Trust

June 22, 2016

 

Do you have any trust issues?

 

Have you got them as a result of being let down or having your trust broken by someone?

 

It’s always a someone right?

 

It hurts and can be expensive too. Especially when it’s someone close to us.

Our upbringing actually sets up our mental framework for trusting in later life. If we have a caregiver who is consistent in being helpful, comforting and meeting our needs then we will be, generally speaking, more trusting and more trustworthy. A child who has had a very inconsistent caregiver growing up is also more likely to lack trust in relationships and remain autonomous.

 

One of my first girlfriends really broke my heart and caused me to be distrusting of women, after causing me to go into debt to feed a habit and work extra hours to support us both. She was unwilling to work.

The thing is that we are always practising trust in society. From the bus driver, to other road users, from the banker to the person selling us our groceries (is it horse meat). Trusting is essential to humans.

 

For a recent study, participants were put under the illusion that they were playing an economic investment game with three different players: a close friend, a stranger, or a computerised slot machine. In reality, in every instance the participants were actually playing against a computer with a simple algorithm that systematically reciprocated actions worthy of trust exactly 50 percent of the time. 

 

Based on perceptions of trust, the participants reported positive interactions with the "close friend" to be more rewarding than interactions with a stranger or slot machine—and were more likely to invest with this player. Imagine their surprise that it was a machine all along! This illustrates our innate human desire to connect with others and create close-knit bonds even if these ties are based on blind trust or lead to Ponzi schemes. 

 

Brain imaging of the participants showed that two specific brain regions were actively engaged when they thought they were trusting a close friend. Increased activity of the ventral striatum and medial prefrontal cortex were correlated with positive social value signals when participants made decisions, based on a belief that they were playing with a good friend.

 

 

The ventral striatum is considered a key pathway in human reward processing and positive emotions.

The medial prefrontal cortex is associated with how we perceive another person's mental state and monitoring what's happening outside our current focus of attention. The medial prefrontal cortex also plays a role in decision-making as well retrieving and consolidating memories.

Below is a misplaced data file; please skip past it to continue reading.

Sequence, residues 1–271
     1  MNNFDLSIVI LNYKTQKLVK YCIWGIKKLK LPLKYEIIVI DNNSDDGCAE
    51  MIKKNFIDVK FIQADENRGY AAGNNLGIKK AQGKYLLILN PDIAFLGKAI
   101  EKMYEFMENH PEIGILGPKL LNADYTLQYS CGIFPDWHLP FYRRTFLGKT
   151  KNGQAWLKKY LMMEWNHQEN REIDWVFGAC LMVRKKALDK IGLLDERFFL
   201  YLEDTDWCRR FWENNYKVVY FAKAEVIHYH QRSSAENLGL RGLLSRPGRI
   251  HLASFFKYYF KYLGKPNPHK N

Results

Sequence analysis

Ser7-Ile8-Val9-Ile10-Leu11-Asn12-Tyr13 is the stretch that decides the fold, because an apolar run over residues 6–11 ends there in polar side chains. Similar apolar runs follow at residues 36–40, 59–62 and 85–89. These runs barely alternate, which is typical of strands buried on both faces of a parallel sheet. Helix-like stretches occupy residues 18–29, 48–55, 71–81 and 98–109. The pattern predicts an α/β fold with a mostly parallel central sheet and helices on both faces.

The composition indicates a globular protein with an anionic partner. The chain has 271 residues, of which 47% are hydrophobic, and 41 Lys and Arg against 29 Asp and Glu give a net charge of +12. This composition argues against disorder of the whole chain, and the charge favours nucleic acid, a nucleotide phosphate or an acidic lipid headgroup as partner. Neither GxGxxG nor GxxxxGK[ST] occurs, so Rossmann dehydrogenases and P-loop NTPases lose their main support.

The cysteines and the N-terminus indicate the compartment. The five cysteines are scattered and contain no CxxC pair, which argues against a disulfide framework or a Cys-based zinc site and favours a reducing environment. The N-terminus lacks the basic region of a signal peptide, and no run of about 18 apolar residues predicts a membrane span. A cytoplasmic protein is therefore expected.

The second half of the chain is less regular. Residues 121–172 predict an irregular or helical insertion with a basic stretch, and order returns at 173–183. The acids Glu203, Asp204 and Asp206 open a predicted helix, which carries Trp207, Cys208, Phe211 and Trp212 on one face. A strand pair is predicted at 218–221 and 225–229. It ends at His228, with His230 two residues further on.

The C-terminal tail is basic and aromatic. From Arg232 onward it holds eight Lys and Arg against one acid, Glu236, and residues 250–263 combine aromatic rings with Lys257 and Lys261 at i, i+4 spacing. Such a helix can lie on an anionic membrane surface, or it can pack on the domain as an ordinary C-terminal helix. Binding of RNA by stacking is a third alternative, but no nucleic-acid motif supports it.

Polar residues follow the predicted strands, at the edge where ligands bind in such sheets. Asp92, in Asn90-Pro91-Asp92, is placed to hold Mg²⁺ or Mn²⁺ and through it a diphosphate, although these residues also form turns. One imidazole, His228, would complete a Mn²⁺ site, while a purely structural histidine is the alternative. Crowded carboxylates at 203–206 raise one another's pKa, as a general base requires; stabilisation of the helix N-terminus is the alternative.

Together, these brain regions provide additional evidence that participants felt a greater social reward when they believed their good friend had reciprocated cooperation during the game. Interestingly, feelings of trust occurred despite the reality of the situation. Even though reciprocity occurred 50 percent of the time under every circumstance, participants consistently trusted the "good friend" more than the other imaginary players throughout the game. (psychology today august 2015)

 

 

Trusting someone is always a risk.

 

Trust is the measure of what you’re willing to lose!   Joshua Gagnon

 

 

If you’re willing to give someone your whole heart/ money/ life, you are giving that person authority over what you’ve given them. You hope, but cannot be certain, that they’ll do the “right thing” with those resources

 

Peter, the disciple of Jesus, had an experience with Jesus that led to him trusting Jesus at His word. Early in his relationship Peter proclaimed that Jesus was the Messiah and Jesus responded by saying;

 

 

Matthew 16:18 And I tell you that you are Peter,[b] and on this rock I will build my church, and the gates of Hades[c] will not overcome it. 

 

 

So Peter had an amazing prophecy over his life (regardless of how you break this verse down theologically Peter would’ve thought this word from Jesus about him was amazing)

And then Jesus tells Peter another prophecy of what he is going to do;

 

 

Luke 22:  31 ‘Simon, Simon, Satan has asked to sift all of you as wheat. 32 But I have prayed for you, Simon, that your faith may not fail. And when you have turned back, strengthen your brothers.’33 But he replied, ‘Lord, I am ready to go with you to prison and to death.’34 Jesus answered, ‘I tell you, Peter, before the cock crows today, you will deny three times that you know me.’

 

 

And soon after it comes true in Luke 22:54-60

Peter now has a verifiable account of Jesus words coming true concerning him and so the Ecclesia, or church of God, is born

 

Acts 2:14 Then Peter stood up with the Eleven, raised his voice and addressed the crowd:

 

He becomes a fearless leader of the first believers

 

Acts 4:29 Now, Lord, consider their threats and enable your servants to speak your word with great boldness.

 

Maybe God has spoken a word into you’re life of something you should do; Forgive someone, step out in faith, leave or even stay. What could you’re life accomplish for Gods glory if you were willing to trust Him completely.

God’s word can be trusted, and He has proved Himself over time.

 

Here’s the real kicker

Jesus trusts you. His last words were a mission statement to the church, to the followers of His way. If you are a follower of Jesus today, Christ has given you all the trust and authority needed to ‘go and make disciples’. He was willing to lose it all on the cross as He trusts you that much.

Imagine what your home would look like if you trusted your spouse or kids fully. What could your community look like if you trusted God at his word and lived it out authentically? Imagine your work places if people knew that even in the darkest days of your life you trusted God had a plan for your life and that He can be trusted with it.

 

Jim Baxter Youth Pastor

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